- Bloomberg News
- A man walks past a Cartier store, operated by Cie. Financiere Richemont SA, in Shanghai, China, on Wednesday, Feb. 6, 2013.
China’s consumers are coming under fire for doing their shopping overseas at a time when the country is trying to build up consumption on its home turf.
China’s state broadcaster ran a story on Monday highlighting the vast amount of money consumers are spending overseas to buy luxury goods abroad, evading mainland tariffs that increase prices on goods by 30% to 50%. The broadcast came shortly after a commentaryfrom China’s official Xinhua news agency that criticized luxury consumers, saying that they are avoiding tariffs that would benefit the nation.
Chinese people bought 25% of the world’s luxury goods in 2012, spending a total of 306 billion yuan ($49 billion), CCTV said, adding that of that money, 60% was spent abroad.
“If you have the money to spend, why not spend it at home?” Xinhua said in the commentary, adding that while prices are high and will partially benefit retailers, they’ll also keep jobs at home and help local logistics and commercial companies.
The finger-pointing from state media comes as hundreds of thousands of Chinese tourists return with full shopping bags from their overseas trips during Chinese New Year, one of the peak annual shopping seasons. China’s overseas buyers spend around €11,000 ($14,686) on each shopping trip to places like Europe, Singapore and Hong Kong, according to data from Global Blue, a shopping tourism service company.
Many plan their travel abroad specifically with shopping in mind, causing their purchases overseas to surpass those at home. In an August survey of 1,200 Chinese shoppers by consulting firm KPMG, 51% of the shoppers said they bought watches in Hong Kong, Taiwan or Macau during the 12-months prior to August 2012, while only 31% said they had bought one within China’s borders during that time.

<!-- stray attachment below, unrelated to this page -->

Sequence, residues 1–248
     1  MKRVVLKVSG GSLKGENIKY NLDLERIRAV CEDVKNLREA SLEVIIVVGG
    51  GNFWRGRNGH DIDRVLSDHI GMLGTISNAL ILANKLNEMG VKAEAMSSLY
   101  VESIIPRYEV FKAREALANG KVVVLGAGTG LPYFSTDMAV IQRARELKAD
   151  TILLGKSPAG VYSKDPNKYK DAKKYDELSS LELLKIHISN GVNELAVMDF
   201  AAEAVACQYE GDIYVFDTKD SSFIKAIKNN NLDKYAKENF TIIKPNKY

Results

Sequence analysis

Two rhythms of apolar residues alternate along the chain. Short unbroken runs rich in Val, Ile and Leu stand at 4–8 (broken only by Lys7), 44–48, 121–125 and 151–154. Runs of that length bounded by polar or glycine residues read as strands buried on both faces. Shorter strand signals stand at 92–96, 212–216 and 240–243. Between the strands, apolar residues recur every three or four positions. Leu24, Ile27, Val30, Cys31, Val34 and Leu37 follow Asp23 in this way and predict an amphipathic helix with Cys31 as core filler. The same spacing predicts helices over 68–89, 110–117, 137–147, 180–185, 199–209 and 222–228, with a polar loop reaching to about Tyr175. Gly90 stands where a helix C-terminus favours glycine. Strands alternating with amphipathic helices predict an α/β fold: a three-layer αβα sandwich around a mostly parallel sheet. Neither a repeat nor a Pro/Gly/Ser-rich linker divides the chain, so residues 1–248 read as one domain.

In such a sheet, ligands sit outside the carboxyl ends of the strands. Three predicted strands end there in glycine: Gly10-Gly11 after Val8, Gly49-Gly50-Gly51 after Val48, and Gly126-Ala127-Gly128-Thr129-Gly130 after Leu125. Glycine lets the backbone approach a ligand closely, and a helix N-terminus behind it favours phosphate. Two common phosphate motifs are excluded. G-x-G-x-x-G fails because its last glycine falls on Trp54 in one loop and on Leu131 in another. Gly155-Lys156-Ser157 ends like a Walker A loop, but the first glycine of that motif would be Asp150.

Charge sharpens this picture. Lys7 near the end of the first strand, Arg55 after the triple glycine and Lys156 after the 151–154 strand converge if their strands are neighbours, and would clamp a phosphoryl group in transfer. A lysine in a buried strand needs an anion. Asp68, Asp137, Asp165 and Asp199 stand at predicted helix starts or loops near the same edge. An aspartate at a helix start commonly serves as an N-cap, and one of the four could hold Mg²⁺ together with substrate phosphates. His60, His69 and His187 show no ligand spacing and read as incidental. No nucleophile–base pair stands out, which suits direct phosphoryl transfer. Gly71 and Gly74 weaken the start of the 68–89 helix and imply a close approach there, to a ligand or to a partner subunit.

The outpouring of money overseas also comes as China is trying to build up consumption at home as part of an attempt to rebalance the economy away from an over-reliance on investment and exports. Leaders have in previous years tried to stimulate domestic consumption, enticing China’s consumers, who are notorious savers, to spend their money by offering subsidized washing machines and other appliances.
Yet for luxury goods, China has kept its tariffs high, causing big price gaps. For example, one of Louis Vuitton’s popular handbags, the Speedy 30 bag, costs around 6,100 yuan ($964) in Beijing or Shanghai, while in Europe it costs around about $619.
So many consumers fly abroad to buy. Xinhua said that nearly 80 million traveled overseas last year, primarily driven by shopping desires.
Consumers reacted to Xinhua’s criticism in striking numbers on social media, with many standing by their decision to purchase goods overseas.
“Things are just too expensive here, so of course people are being swept overseas,” said one user of Sina Corp.’s Twitter-like Weibo microblogging service.
The state-media tongue-lashing over luxury buying habits ranked among the most discussed topics on Sina Weibo on Tuesday evening, with more than 370,000 posts in the previous 24 hours.
Another Weibo user said that trouble finding quality goods at home is also an issue that leads consumers to shop overseas. “If one day the quality could improve, people wouldn’t hesitate to buy domestic,” microblogger wrote.
Others urged officials to lower taxes on luxury goods to keep more sales in China.
There have been many pushes in previous years to lower tariffs on luxury items in China, but the discussion has gone on like an endless ping pong game between bureaucratic committees looking to boost consumption and others looking to preserve tax revenue. Advocates of the tariff argue that lowering it would reduce tax revenue that benefits the nation.
The Xinhua report deflected some of its consumer criticism to companies, noting that consumers don’t have all the options that they are offered overseas, such as various versions of the iPhone and other electronic goods.
Xinhua also hinted that change is needed from the government, saying that with hundreds of billions of dollars at stake, China should not stand powerless to change, “Through the joint efforts of the government and the market, consumers can be regained,” Xinhua said.
Comment: Time to bring down the import duties finally arriving?
Original Post http://blogs.wsj.com/chinarealtime/2013/02/19/china-gets-angry-at-overseas-luxury-shopping-trips/?mod=WSJBlog